While most consumers now consider the personal computer to be their "must have" electronic communications device—TV is a distant second—watching video on it is not a primary task.
According to research from the Cabletelevision Advertising Bureau, watching online video ranks just seventh among users' primary PC activities.
That's one finding of the study, released this week, which examines how consumers view video on devices such as PCs, iPods and mobile phones compared to how they watch traditional television.
The study also indicated that ads are not interchangeable from one video platform to the next. The smaller the screen, the less tolerant viewers are of lengthy commercials.
Those surveyed said TV ads as long as 42 seconds were tolerable. But on PCs and laptops, the tolerance level dropped to 18 seconds. And for cell phones, ads longer than nine seconds are not acceptable.
After meeting with ad agencies for input, CAB, the cable TV trade organization, commissioned consulting firm Frank N. Magid Associates to conduct the study, which included an online survey of 2,101 people aged 12-54.
"In the media business we all see consumers that are hyper-connected," said CAB president Sean Cunningham. "But the idea of video being a multi-device, ubiquitously juggled thing, for the average person, we're just not there yet."
The bottom line, he said, is that "screens are not interchangeable, video is not interchangeable and advertising is not interchangeable," from one device to the next.
The CAB has briefed some agency executives on the results. Susan Nathan, svp, director of media knowledge at Interpublic Group's Universal McCann said, "The data that comes out of this supports the fact that most people actually like their entertainment on a big screen television set and that people's patience with seeing long-form video is somewhat limited if they're watching on a smaller screen."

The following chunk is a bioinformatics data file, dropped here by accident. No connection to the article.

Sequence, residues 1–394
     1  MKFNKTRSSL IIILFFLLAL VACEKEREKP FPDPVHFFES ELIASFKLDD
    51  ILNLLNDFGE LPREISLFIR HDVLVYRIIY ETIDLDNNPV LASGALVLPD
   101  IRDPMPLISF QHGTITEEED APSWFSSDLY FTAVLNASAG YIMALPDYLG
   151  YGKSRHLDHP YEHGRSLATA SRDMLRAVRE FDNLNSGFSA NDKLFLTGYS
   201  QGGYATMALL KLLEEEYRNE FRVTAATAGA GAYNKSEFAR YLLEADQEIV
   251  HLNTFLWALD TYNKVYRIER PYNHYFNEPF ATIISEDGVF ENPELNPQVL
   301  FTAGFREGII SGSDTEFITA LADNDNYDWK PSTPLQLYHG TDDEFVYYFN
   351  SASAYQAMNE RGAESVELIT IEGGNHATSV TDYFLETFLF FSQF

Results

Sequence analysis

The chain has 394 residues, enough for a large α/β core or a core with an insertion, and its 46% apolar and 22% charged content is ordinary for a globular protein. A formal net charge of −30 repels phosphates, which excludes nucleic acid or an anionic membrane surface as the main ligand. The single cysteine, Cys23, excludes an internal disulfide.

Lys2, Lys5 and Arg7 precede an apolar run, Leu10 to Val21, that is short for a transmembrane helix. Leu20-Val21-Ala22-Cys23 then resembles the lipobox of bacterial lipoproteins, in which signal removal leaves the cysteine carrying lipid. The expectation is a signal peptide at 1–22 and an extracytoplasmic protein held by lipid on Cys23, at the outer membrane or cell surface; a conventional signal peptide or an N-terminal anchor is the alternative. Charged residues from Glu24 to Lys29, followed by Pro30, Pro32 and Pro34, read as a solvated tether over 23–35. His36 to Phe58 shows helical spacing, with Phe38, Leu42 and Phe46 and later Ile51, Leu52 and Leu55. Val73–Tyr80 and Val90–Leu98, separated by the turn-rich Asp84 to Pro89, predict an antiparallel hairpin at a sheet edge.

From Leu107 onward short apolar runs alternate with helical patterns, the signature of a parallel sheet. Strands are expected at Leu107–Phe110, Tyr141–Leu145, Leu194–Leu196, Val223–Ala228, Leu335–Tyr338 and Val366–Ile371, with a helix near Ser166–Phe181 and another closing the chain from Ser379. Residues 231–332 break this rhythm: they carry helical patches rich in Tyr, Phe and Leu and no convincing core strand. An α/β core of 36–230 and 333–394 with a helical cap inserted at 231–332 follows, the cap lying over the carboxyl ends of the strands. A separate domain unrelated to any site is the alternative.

Only 30 percent said they had one extra screen device (beyond a TV and computer) used for watching video. In most cases (80 percent) that extra device was a video-phone. Just 10 percent said they had two extra screens.
Only 12 percent of those with video-enabled phones said they used it for that purpose. Talking, text messaging, Web surfing, listening to music, photography and playing games all ranked higher on the usage scale.
More than 60 percent said they preferred watching video on TV than either a computer or an iPod. Most said non-TV devices were best suited for watching short clips, not long-form entertainment.
Cunningham said the results were similar among younger and older age groups.
"The study isn't saying video doesn't work on smaller devices," said Cunningham. "But it does show that only a small percentage of the population consists of what I would call 'device athletes.' And it shows that there are different rules of the road about video acceptability by device."
Perhaps the biggest obstacle to the computer becoming a major platform for long-form entertainment, said Cunningham, is consumer perception. "It reminds them of work," he said.
Steve McClellan, Adweek. October 2, 2006
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